US House Bill: 'End Asteriod Mission, Moon Is Better Temporary Destination'
NASA's Mars mission may be affected when the United States' House makes changes on a bill that covers the space agency's funding for the next fiscal year. On Monday, the complete draft of the bill was released containing the House' calls to turn NASA's red planet goals to a lunar exploration first.
The space agency and the White House have been asked by the National Research Council to reconsider Moon as a temporary destination. When President Obama's space policy speech came to light in 2010, NASA has been coming after loosely defined program of sending first the astronauts to check on a piece of an asteroid located near the Moon and challenges the sustainability and viability of the direct-to-Mars project.
NASA is encouraged to create plans to go back to the Moon and examine the capabilities needed for Mars, like lunar prospecting, landing and ascent vehicles and habitation modules. With the new House budget, no funds will be allocated for the space agency to continue with its plan to conduct crewed or robotic mission to an asteroid. The committee that supports the bill that will provide funding for the fiscal year 2017 recognizes the useful elements of the asteroid mission, like the asteroid deflection and propulsion research. However, the committee discovered that neither a crewed or robotic mission to an asteroid could help with the comprehensive Mars mission, IGN reported.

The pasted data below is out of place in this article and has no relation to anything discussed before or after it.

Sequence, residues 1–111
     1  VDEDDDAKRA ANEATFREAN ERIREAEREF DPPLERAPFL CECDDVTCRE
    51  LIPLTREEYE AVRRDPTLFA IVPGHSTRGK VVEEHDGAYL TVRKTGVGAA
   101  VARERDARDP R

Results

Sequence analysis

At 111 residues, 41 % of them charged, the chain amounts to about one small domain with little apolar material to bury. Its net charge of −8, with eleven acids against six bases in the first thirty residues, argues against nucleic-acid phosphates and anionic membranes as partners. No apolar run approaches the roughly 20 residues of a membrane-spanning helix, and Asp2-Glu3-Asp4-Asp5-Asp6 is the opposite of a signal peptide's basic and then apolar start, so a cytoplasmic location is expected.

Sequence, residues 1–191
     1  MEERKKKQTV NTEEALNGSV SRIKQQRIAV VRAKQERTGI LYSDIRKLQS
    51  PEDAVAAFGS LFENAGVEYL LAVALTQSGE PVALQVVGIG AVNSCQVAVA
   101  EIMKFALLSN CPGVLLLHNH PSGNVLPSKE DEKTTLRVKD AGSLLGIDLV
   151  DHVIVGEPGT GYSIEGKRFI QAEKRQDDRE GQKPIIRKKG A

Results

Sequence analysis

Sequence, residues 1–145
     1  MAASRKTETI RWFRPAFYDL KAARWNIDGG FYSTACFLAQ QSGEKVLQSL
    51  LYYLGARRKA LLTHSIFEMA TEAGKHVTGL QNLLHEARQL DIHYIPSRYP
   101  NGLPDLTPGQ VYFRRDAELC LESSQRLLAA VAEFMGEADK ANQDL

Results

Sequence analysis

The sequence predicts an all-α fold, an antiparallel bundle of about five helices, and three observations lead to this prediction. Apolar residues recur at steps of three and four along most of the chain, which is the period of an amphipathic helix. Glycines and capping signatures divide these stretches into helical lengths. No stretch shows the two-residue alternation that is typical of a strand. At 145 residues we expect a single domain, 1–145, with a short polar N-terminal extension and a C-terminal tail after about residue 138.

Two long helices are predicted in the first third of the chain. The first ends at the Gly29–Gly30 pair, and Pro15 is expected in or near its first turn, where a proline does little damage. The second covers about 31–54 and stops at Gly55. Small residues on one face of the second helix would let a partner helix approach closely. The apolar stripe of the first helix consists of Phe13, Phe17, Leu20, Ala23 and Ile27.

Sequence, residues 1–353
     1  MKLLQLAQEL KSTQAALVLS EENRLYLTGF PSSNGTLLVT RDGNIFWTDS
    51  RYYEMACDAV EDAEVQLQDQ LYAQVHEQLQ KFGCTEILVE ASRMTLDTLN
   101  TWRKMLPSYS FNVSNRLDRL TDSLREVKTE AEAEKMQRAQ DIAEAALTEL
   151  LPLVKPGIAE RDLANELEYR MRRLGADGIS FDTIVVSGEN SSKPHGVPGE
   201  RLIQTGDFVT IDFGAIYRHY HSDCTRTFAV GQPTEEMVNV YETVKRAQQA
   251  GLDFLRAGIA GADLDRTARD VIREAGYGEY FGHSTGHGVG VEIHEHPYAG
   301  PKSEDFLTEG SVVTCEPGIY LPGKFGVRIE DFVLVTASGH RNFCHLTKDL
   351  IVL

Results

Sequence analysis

Nonetheless, the bill will still need to be approved by the House and the Appropriations Committee before squaring with the Senate legislation that does not clearly demonstrated the call for lunar landings and mission as a precursor to a red planet mission.
NASA's human spaceflight projects will not be compelled by the new law to be entirely modified. While NASA administrator Charles Bolden has vowed not to oppose the House proposal, he is expected to leave the space agency when President Obama's term ends. According to reports, other senior leaders of NASA are in favor of returning to the Moon first. With NASA's Space Launch System and Orions being developed, both are expected to easily adapt to to the lunar explorations, according to ARS Technica.